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July 8, 2019 | Value-Based Care
More people are choosing to forgo primary care now than ever before. In Utah, specifically, roughly one in three men and one in five women do not have a primary care provider. Why? With the rising cost of healthcare, many families don’t prioritize regular doctor visits, especially if everyone in the family is relatively healthy. If that sounds like you, you may be thinking, “Do I really need a primary care doctor?” The short answer is yes.
Primary care providers (PCPs) are trained to provide comprehensive care to individuals and families, which means you can see a PCP for just about all your medical needs from acute (short-term) illnesses, such as the cold or flu, to chronic conditions like diabetes or high blood pressure.
Having a PCP is helpful to not only your health but also your wallet. Benefits of having a PCP include:
YOUR PCP IS YOUR HEALTHCARE ADVOCATE
As your first line of defense in healthcare, your PCP is your health partner—someone you should know and trust—and regular visits with your PCP are a good way to establish that partnership. As you develop a long-term relationship with your doctor, he or she can become more familiar with your health needs and be an advocate for you as you work toward your health goals and navigate through different stages of life. Your PCP can also act as your guide through the healthcare system and help you get the right care in the right place and at the right time.
PCPs PROVIDE CONTINUITY OF CARE
Continuity of care refers to sharing medical information and coordinating care between different providers and locations over time. It also means reducing gaps in your care so that you can control your current conditions and prevent future illness. For example, many signs of chronic illness aren’t noticeable during acute visits to urgent care or until that condition becomes serious, but an annual visit with your PCP—especially one who knows your medical history—can help detect those conditions in their earliest stages when they are easiest and least expensive to treat. Your PCP can also assess your risk for diseases and recommend screenings when they are appropriate.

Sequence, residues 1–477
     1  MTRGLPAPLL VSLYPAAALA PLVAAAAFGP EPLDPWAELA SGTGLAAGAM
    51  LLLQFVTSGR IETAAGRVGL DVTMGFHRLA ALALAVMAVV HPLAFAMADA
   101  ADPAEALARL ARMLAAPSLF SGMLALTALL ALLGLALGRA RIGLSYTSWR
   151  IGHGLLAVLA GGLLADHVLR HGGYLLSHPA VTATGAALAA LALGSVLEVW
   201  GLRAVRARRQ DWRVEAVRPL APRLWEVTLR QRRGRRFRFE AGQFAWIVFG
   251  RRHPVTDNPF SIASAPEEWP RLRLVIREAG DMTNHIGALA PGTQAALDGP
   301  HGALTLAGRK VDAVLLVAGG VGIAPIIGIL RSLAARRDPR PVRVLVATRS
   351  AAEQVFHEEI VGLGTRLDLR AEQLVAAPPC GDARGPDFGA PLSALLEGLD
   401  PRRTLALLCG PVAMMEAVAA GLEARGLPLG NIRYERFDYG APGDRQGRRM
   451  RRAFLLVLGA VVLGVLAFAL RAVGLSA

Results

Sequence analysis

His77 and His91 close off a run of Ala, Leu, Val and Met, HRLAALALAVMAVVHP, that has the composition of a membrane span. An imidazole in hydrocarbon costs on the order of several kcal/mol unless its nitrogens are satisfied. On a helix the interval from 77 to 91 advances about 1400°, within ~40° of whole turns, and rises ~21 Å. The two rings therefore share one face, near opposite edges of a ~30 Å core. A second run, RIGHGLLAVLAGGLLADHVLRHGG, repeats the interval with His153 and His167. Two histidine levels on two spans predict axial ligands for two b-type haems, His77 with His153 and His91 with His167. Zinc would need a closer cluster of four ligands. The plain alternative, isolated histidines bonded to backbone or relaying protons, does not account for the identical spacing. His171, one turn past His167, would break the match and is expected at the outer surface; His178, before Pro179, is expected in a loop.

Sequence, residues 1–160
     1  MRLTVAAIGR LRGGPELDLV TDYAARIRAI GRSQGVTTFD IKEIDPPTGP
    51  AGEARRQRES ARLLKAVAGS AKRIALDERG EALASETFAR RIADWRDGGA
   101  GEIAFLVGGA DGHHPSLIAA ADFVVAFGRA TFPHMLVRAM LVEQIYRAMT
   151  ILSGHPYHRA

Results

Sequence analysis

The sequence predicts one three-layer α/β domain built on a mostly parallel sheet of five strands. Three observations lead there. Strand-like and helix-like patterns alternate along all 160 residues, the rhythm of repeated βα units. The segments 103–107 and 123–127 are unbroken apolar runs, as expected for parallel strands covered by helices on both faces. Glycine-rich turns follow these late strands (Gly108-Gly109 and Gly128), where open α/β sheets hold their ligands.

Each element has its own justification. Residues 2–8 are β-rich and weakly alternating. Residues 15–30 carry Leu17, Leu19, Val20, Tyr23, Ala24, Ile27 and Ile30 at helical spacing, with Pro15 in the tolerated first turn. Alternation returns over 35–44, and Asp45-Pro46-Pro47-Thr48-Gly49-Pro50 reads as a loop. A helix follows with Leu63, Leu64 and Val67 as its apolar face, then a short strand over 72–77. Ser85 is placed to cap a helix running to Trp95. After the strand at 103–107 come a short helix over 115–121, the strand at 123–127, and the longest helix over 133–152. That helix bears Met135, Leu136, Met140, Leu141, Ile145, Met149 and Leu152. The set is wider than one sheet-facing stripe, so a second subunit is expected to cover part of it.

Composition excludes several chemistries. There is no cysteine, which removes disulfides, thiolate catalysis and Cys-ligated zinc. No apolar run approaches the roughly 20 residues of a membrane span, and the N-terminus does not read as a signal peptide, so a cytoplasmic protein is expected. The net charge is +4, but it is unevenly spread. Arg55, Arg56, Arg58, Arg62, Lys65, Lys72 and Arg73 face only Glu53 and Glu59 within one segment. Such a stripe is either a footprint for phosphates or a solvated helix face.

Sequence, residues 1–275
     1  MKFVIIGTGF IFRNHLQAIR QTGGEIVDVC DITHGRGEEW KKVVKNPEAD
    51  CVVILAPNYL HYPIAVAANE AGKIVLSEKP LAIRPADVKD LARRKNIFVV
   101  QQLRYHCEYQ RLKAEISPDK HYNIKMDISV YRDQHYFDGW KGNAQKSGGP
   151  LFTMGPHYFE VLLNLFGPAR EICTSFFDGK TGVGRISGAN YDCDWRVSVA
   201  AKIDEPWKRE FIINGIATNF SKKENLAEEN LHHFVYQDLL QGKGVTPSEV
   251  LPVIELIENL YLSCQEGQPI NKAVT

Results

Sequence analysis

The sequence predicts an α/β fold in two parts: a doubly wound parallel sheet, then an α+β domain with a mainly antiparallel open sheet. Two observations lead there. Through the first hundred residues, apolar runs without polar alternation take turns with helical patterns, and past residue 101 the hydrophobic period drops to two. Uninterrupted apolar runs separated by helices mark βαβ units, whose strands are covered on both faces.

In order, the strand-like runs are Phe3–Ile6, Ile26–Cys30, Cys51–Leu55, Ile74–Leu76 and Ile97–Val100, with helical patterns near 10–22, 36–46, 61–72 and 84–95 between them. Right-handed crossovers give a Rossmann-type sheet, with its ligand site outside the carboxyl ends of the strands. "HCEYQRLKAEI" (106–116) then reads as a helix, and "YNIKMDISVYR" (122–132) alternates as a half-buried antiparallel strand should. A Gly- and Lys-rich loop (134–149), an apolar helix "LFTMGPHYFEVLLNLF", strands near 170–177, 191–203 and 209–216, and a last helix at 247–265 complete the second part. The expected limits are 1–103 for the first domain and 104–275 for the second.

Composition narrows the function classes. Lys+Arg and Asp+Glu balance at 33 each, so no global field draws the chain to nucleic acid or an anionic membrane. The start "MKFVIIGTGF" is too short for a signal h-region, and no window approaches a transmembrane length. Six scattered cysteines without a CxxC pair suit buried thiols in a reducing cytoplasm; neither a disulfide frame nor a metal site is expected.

REGULAR VISITS WITH YOUR PCP HELP ESTABLISH A BASELINE FOR YOUR HEALTH
During regular doctor visits, your PCP will record things like your heart rate, blood pressure, cholesterol levels, body temperature, oxygen levels, weight and more. Having these measurements creates a baseline for your health, which means you and your doctor can track them over time to see how your health improves or worsens.
PCPs CAN IMPROVE YOUR QUALITY OF CARE
Having high-quality healthcare means being able to get the care you need in the most effective and affordable way possible, and your PCP plays an important role. Research shows that PCPs can help improve your health outcomes while also reducing unnecessary medical spending. For example, adults with PCPs in the United States are 19% less likely to have a premature death, and can also save 33% more on their healthcare costs compared to people who see only specialists for their medical care.
If you haven’t been in for an annual checkup with your PCP, schedule an appointment. If you don’t have a primary care provider, look online for providers near you. Establishing a relationship with a PCP now helps make your care easier and more efficient in the future.
“Percent of Women who Report Having No Personal Doctor/Health Care Provider, by Race/Ethnicity.” Kaiser Family Foundation.
“Percent of Men who Report Having No Personal Doctor/Health Care Provider, by Race/Ethnicity.” Kaiser Family Foundation.
“Primary Care.” American Academy of Family Physicians.
“The Case for Having a Primary Care Physician.” One Medical.
“The Case for Primary Care.” Primary Care Progress.
“The Value of Primary Care.” National Academic Press.
The Live Better Team
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This information is not intended to replace the advice of a medical professional. You should always consult your doctor before making decisions about your health.